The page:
The ban was denounced as censorship throughout Turkey, including by Turkish President Gul, who tweeted that "the shutdown of an entire social platform is unacceptable".

"Besides, as I have said many times before it is technically impossible to close down communication technologies like Twitter entirely," Gul tweeted to his four million-plus followers.

The mayor of Ankara, Melih Gokcek, became the first member of Erdogan's own Justice and Development party to breach the ban. "I am able to tweet because my DNS settings allow it," he tweeted.

In response to the shutdown, Turkey's main opposition party, Republican People's Party, announced it would file a legal challenge to the court order.

The closure was also criticised globally, with the vice-president of the European Commission, Neelie Kroes, tweeting that the ban was "groundless, pointless, cowardly".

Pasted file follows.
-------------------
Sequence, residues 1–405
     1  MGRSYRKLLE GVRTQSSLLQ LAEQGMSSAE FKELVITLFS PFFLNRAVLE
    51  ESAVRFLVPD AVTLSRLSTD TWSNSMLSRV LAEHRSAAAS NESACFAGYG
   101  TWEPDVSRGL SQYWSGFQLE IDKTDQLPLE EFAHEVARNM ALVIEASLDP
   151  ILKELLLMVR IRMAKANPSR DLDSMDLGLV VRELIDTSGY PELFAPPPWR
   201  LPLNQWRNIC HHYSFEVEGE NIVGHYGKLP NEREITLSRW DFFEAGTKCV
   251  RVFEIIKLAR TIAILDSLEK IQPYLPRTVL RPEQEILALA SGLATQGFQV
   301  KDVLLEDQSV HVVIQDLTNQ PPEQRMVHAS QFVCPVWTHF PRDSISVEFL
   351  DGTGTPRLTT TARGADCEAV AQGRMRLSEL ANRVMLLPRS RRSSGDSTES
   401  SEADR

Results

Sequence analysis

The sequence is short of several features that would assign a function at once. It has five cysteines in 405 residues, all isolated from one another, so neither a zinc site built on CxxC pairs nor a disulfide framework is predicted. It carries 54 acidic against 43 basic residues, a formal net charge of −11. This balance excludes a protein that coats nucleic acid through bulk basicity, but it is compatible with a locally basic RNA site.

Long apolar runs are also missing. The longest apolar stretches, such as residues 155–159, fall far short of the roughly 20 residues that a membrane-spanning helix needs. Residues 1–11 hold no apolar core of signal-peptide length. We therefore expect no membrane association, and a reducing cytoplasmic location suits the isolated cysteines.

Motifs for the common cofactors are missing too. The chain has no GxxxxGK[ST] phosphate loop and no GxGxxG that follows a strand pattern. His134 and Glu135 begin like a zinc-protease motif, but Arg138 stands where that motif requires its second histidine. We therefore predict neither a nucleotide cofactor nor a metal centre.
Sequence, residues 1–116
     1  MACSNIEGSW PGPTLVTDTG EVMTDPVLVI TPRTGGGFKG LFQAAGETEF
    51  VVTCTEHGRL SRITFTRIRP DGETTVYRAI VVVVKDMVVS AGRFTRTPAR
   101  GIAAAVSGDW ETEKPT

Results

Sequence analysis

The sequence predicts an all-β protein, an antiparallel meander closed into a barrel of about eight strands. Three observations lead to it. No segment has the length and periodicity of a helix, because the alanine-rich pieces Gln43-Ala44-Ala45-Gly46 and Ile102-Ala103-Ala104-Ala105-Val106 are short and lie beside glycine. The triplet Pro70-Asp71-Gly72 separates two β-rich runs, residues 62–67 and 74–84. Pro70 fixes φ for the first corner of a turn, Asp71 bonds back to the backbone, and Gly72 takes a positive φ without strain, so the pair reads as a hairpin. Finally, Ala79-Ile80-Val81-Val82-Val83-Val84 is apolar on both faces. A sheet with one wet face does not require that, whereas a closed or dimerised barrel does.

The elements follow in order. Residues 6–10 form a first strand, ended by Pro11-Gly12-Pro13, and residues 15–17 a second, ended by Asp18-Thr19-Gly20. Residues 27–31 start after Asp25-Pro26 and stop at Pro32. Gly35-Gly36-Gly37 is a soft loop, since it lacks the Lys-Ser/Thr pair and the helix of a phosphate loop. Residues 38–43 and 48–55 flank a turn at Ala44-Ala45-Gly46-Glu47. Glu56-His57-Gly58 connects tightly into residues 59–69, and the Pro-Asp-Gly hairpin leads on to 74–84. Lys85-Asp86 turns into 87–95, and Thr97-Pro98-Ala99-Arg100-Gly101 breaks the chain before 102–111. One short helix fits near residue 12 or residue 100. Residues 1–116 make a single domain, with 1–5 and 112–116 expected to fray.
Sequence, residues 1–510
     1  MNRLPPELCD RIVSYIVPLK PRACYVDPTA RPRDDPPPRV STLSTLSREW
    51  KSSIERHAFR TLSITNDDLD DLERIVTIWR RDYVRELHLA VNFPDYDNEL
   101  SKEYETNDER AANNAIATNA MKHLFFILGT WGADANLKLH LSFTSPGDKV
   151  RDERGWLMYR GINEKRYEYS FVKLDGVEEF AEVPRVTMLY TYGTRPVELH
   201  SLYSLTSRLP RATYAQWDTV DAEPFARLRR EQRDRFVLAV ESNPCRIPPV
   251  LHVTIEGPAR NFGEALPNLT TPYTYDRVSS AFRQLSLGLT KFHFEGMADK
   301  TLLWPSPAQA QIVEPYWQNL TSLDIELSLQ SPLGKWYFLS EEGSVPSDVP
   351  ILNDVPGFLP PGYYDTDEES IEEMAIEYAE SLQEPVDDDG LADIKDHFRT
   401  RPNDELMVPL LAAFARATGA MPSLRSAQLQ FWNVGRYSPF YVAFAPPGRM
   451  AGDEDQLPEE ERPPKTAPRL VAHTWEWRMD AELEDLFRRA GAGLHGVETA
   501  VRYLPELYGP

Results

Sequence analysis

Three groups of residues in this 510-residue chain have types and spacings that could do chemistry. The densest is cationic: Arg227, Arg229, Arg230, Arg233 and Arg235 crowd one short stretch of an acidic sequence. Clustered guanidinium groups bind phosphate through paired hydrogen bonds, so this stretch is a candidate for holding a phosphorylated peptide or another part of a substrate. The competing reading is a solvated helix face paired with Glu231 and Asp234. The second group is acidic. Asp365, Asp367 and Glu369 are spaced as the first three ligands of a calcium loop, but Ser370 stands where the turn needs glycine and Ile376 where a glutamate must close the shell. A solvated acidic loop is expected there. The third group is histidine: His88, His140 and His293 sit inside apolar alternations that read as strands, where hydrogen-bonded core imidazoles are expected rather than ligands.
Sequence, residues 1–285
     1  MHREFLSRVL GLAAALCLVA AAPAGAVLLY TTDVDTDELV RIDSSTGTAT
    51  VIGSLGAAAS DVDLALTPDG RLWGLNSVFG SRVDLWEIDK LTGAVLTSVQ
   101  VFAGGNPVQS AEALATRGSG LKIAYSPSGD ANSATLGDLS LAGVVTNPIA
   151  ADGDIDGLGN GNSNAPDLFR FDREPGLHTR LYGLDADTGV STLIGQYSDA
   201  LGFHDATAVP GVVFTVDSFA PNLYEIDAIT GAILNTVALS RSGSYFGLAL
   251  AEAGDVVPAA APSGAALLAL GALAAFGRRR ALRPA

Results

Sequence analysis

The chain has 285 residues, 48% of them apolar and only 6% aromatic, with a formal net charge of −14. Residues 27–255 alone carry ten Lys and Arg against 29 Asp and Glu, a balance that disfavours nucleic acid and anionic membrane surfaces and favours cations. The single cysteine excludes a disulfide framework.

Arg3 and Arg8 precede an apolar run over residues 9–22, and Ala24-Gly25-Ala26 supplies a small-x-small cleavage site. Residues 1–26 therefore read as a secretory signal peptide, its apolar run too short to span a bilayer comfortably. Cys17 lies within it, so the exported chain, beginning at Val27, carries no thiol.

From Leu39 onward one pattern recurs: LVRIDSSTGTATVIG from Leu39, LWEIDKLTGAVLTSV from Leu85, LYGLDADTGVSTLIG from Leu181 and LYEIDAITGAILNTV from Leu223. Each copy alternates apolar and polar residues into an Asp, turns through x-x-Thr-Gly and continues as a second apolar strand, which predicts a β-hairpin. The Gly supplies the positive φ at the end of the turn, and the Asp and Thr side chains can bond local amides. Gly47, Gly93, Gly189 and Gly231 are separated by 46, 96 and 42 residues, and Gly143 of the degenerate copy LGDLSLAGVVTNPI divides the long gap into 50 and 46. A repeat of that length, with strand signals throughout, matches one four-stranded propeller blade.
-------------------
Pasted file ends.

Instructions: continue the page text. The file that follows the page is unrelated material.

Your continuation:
"Turkish people and intl community will see this as censorship. It is," Kroes said.

Source:Al Jazeera

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Ayatollah Ali Khamenei Denies Holocaust

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So much for the moderate new Iran. The nation's supreme leader today marked the start of the Persian New Year by denying the Holocaust, reports Haaretz. "The Holocaust is an event whose reality is uncertain and, if it happened, it's uncertain how it happened," Ayatollah Ali Khamenei told a crowd in Mashhad. Khamenei has said similar things in the past, and former President Mahmoud Ahmadinejad nearly made a sport of it, but the anti-Israel rhetoric had cooled considerably under new President Hasan Rouhani, notes the International Business Times.

In fact, Foreign Minister Javad Zarif asserted in September that Iran had never denied the Holocaust and was never "against Jews." The ayatollah brought up the matter as a way of criticizing the West: "They passionately defend their red lines," he said. "How [do] they expect us to overlook our red lines that are based on our revolutionary and religious beliefs?"